They are some of the best known artists in China–but, most Americans have never heard of them. Now, a handful of museums in the U.S. are hoping to change that, through a new exhibit that opens Sunday in Los Angeles.
CGTN’s Roee Ruttenberg got a sneak-peek look at the unique artwork on display.
The Allure of Matter showcases material art from China. Twenty-one artists will make their debut in the new exhibition. The artwork combines traditional textures like silk with more contemporary, industrial materials to offer commentary on China and the world.
Artist Zhang Huan painstakingly collected ash from incense burned at Buddhist temples to create a three-dimensional piece that looks like a culturally ironic photograph of Chinese farmers.
Another artist, Jin Shan, recreated the bust of a symbolic steel worker using wood salvaged from old Shanghai doors from homes torn down in China’s rush to modernization.
“We wanted to show the American people that the Chinese artists – all different kind – are mixed together for contemporary,” says Jin. “Chinese artists are thinking in different ways to understand our society, not just one type. So that’s what I’m thinking is important.”
Jin says he fears some of the nuance may be lost on an American audience because they don’t know much about China.
Stephen Little, curator of the exhibition at the Los Angeles County Museum of Art, is hoping to change that.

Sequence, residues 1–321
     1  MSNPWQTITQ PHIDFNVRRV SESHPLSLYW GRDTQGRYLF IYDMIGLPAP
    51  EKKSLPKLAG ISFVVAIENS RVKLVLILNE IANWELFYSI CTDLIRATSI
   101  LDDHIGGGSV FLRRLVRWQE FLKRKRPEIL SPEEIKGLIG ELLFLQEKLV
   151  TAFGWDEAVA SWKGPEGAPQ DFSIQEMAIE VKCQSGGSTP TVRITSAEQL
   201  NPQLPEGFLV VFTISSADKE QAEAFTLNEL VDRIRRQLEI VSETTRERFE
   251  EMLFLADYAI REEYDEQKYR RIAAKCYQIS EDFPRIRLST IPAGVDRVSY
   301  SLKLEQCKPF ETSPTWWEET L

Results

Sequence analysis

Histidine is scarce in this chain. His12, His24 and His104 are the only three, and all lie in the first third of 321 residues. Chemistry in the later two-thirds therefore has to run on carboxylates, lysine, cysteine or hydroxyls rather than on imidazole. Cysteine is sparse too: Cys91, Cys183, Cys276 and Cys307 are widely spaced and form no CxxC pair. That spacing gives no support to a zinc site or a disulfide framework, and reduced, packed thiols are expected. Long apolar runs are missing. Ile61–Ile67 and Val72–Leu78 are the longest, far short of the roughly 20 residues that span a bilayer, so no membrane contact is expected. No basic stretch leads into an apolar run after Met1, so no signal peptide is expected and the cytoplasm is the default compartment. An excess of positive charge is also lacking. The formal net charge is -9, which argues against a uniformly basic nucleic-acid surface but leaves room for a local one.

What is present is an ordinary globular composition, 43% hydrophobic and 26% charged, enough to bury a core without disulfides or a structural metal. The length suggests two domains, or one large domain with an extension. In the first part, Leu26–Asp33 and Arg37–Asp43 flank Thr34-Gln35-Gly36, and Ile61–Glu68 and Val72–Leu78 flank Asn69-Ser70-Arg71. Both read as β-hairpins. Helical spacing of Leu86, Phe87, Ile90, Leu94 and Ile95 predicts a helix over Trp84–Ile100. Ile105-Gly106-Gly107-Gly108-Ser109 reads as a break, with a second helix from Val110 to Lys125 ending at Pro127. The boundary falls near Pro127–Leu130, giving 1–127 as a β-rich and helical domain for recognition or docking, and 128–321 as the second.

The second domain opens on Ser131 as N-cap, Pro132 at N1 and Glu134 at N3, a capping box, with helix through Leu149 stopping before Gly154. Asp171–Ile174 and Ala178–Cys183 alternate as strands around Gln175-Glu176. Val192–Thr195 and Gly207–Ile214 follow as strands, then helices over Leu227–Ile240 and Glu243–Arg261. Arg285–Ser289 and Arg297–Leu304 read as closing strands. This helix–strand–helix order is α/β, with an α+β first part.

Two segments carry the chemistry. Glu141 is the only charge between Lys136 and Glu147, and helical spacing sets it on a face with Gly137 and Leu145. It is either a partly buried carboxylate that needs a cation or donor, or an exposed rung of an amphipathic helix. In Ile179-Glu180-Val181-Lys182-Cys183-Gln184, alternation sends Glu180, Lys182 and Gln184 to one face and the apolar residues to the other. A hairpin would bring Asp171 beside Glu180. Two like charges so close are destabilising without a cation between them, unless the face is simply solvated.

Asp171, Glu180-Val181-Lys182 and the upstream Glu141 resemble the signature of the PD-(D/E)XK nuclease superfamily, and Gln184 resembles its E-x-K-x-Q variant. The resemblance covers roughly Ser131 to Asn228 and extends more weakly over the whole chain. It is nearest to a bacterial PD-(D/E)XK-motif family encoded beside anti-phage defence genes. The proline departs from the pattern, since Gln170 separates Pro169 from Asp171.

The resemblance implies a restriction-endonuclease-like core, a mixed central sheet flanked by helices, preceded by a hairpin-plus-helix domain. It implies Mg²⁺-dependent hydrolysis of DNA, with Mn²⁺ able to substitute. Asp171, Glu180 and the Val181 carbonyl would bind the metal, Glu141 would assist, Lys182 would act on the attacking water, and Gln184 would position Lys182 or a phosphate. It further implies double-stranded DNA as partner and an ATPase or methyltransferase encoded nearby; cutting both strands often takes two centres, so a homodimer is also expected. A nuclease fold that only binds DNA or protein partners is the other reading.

“It’s very important that Americans have a deep, or deeper understanding of China. And it is a very different culture. The Chinese look at the world in a very different way,” says Stephen. “But I think when you came face to face with China, or face to face with works like this, it’s the quickest way to learn.”
Stephen says many of the artists have spent time living and working in the U.S., and in some cases, that’s shaped their work.
Artist Xu Bing did his residency at Duke University in the U.S. state of North Carolina. He began to think about the Duke family connection to the tobacco industry and how American tobacco got to China. This connection is depicted in a tiger skin rug created from half a million cigarettes.
Other pieces on display are a tapestry and tent made from human hair collected from around the world over decades by artist Gu Wenda. The hair measures 30,000 kilometers in length. The piece is called ‘United Nations: American Code.’ It’s meant to represent a hope for a utopian immigrant society and a collection of cultures with the hair interwoven and braided.
“Artists are often visionaries that can see things that rest of us don’t see. And on many levels this show, it opens doors into the future. And I think LACMA has an important role in being a platform,” says Stephen.
Some of the pieces took weeks to put together, with teams flown in from China. The exhibit will spend half a year at the Los Angeles County Museum of Art, before it travels across the country.